Fiscal Cliff Deal Not Reached, Leaders Agree To Continue Talks

Fiscal Cliff Negotiations Continue
President Barack Obama speaks to reporters in the Brady Press Briefing Room at the White House in Washington after meeting with Congressional leaders regarding the fiscal cliff, Friday, Dec. 28, 2012. (AP Photo/Charles Dharapak)
President Barack Obama speaks to reporters in the Brady Press Briefing Room at the White House in Washington after meeting with Congressional leaders regarding the fiscal cliff, Friday, Dec. 28, 2012. (AP Photo/Charles Dharapak)

WASHINGTON -- With just three days to go before tax rates rise for all Americans and 1 trillion dollars in spending cuts over the next decade are triggered, President Barack Obama announced to the American public that the time for negotiations had not yet passed.

Several hours earlier, the president had met with top congressional leaders to discuss a path of resolution to the so-called fiscal cliff. It was, he said, a “good and constructive discussion," one that had left him “modestly optimistic” that a deal could still get done. But he chastised lawmakers for waiting once more until the last minute to reach an agreement.

“This is déjà vu all over again,” he declared, adding that, “outside of Washington, nobody understands how it is that this seems to be a repeat pattern.”

More importantly, the president declared that if Senate Majority Leader Harry Reid (D-Nev.) and Minority Leader Mitch McConnell (R-Ky.) are unable to reach a deal, he wants an up-or-down vote on a small package that would extend tax cuts for middle class Americans, continue unemployment benefits and lay the groundwork for future deficit reduction.

"The hour for immediate action is here. It is now," Obama said in a statement before the White House press corps. “If an agreement isn’t reached in time between Sen. Reid and Sen. McConnell, then I will urge Sen. Reid to bring to the floor a basic package for an up-or-down vote.”

"So if we don’t see an agreement between the two leaders in the Senate, I expect a bill to go on the floor -- and I've asked Sen. Reid to do this -- put a bill on the floor that makes sure that taxes on middle-class families don’t go up, that unemployment insurance is still available for two million people, and that lays the groundwork, then, for additional deficit reduction and economic growth steps that we can take in the New Year," Obama added.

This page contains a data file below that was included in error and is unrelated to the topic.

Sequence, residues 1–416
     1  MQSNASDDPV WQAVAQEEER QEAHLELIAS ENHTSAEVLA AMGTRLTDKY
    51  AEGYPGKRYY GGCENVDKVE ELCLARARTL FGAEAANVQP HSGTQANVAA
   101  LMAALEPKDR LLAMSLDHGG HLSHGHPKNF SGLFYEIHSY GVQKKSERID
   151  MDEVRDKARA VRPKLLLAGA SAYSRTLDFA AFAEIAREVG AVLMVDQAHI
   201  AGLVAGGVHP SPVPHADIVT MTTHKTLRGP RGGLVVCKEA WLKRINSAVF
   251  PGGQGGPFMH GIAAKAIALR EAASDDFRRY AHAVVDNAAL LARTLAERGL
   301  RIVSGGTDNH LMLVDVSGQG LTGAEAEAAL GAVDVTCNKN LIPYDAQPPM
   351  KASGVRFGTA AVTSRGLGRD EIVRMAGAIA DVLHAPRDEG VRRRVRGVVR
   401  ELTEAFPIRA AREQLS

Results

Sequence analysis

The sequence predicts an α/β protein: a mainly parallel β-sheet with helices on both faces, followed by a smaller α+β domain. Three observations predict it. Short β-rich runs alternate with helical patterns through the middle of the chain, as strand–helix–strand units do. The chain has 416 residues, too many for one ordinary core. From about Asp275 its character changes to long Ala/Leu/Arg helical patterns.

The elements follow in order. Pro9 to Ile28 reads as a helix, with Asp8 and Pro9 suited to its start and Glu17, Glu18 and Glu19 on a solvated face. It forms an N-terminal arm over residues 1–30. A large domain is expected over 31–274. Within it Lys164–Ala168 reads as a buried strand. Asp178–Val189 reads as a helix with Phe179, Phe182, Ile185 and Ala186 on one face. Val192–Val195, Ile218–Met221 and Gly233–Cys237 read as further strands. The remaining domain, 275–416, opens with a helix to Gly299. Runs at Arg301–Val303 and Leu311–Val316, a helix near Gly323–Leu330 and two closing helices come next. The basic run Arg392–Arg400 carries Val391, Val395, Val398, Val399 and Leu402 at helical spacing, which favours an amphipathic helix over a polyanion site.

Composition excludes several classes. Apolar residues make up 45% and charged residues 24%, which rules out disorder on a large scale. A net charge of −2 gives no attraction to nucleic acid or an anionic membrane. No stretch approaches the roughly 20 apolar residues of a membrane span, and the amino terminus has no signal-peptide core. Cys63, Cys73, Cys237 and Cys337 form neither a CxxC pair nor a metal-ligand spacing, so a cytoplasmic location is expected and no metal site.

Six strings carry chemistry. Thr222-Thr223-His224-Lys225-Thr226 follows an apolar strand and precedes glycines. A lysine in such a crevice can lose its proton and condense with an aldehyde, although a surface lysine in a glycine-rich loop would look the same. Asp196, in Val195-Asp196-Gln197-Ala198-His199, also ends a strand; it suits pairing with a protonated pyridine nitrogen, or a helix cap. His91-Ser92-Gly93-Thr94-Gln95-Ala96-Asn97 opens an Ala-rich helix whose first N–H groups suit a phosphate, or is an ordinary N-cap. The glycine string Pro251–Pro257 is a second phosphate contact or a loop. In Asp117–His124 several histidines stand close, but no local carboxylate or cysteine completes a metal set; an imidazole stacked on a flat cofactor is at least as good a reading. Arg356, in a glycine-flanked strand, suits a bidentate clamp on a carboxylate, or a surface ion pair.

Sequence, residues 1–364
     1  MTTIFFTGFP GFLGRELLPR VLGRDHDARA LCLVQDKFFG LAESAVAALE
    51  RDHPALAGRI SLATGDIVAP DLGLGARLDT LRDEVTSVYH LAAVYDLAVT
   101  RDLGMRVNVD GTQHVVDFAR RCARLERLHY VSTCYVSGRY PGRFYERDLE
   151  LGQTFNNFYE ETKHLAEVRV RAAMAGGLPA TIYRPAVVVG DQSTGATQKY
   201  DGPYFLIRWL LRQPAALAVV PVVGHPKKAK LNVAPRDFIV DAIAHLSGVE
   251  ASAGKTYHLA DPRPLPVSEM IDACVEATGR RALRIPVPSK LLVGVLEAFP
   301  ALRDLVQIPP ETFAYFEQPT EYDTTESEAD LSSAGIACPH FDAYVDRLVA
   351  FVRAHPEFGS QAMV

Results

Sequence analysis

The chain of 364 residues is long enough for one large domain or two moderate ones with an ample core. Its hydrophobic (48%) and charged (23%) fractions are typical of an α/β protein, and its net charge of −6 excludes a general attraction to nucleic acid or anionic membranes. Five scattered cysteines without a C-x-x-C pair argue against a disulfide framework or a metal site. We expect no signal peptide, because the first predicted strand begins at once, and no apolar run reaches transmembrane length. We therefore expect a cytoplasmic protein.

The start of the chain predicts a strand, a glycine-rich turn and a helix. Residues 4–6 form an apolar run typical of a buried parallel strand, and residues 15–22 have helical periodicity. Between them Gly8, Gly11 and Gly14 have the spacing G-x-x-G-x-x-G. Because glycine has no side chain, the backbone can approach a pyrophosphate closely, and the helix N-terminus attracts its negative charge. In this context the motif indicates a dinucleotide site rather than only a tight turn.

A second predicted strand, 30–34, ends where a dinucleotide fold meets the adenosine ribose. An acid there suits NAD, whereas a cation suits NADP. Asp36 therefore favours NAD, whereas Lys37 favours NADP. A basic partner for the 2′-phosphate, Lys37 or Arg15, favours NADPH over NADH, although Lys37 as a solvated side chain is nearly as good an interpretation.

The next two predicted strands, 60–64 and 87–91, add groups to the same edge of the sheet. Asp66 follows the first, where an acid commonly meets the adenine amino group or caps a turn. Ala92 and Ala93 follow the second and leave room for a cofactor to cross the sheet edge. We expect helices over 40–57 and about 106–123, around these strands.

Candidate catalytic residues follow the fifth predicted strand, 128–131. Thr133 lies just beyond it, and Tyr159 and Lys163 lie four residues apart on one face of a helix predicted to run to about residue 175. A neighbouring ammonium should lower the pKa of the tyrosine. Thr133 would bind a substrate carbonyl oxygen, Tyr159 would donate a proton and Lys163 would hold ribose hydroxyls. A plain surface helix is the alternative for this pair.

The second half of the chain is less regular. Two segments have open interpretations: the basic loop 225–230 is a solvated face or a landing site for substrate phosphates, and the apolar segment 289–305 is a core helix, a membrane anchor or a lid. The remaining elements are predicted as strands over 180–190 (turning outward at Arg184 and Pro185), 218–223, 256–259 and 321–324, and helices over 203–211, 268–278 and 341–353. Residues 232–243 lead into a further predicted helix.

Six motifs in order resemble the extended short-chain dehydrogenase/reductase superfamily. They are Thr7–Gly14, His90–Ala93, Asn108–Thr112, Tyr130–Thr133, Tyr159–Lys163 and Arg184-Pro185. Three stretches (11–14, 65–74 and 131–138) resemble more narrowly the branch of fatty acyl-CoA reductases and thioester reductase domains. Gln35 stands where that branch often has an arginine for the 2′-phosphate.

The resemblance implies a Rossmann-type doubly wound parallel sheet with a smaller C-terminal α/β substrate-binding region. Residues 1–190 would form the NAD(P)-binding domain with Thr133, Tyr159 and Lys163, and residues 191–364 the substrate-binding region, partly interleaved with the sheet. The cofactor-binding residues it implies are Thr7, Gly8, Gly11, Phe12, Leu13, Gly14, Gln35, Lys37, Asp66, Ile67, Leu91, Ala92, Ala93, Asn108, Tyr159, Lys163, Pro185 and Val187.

The action now moves to the Senate, where Reid and McConnell have precious little time to hammer out a deal. House Speaker John Boehner (R-Ohio) emphasized during Friday’s White House gathering that he would not move legislation to resolve the fiscal cliff without seeing the Senate act first.

Shortly after the White House meeting ended, Reid and McConnell appeared together on the Senate floor and said they plan to try to come up with a new proposal to present to their respective caucuses as early as Sunday.

"Whatever we come up with is going to be imperfect," Reid warned. "Some people aren't going to like it, some people will like it less. But that's where we are. We have an obligation to do the best we can."

Whether or not a Senate deal can be reached is anyone’s guess, though it seems unlikely considering all the false starts that have characterized negotiations up to this point. Whether McConnell would allow for an up-or-down vote on a Democratic-authored bill is even less certain. On Friday evening, Reid's office announced that it was preparing such a bill for a Monday vote as a contingency plan.

McConnell said the next 24 hours will be crucial if there is any deal to be had. "I am hopeful and optimistic," he said.

The framework of a Senate-blessed deal did seem to come into focus prior to the Friday meeting. Hill aides on both sides of the ledger said they could envision support for a scaled-down proposal that included tax rates extended for household income under $400,000, an extension of unemployment insurance benefits, no change to the estate tax, no money for infrastructure and no resolution to the impending debt ceiling standoff. What would happen with the $1 trillion or so in sequestration cuts set to kick in on Jan. 1, 2013 and take place over the next 10 years was unclear.

A White House official declined to say whether this would serve as the ground floor for Reid and McConnell’s talks or even if the president himself would support such a proposal. The official argued that any final deal that emerged from the Senate would have to be crafted with an eye toward garnering Democratic support in the House. Reid, after all, wouldn’t sign off on a bill that set the threshold for tax hikes too high. And since Boehner's failed "Plan B" proposal showed he was unable to pass legislation raising rates only on millionaires, Democratic votes in both chambers would be needed.

“Whatever McConnell and Reid cook up is something that Nancy Pelosi has to support," the official said. "The Minority Leader will have a powerful role in these discussions.”

The official added that the White House would be “in touch” with Senate negotiators during the next few days to ensure that talks stayed on track. If they didn’t, and McConnell ended up filibustering even the president’s scaled-back plan, the White House feels that the hit to his reputation would be heavy.

“It puts him in a position of filibustering tax cuts for the middle class,” the official said. “This is their incentive to get a deal done.”

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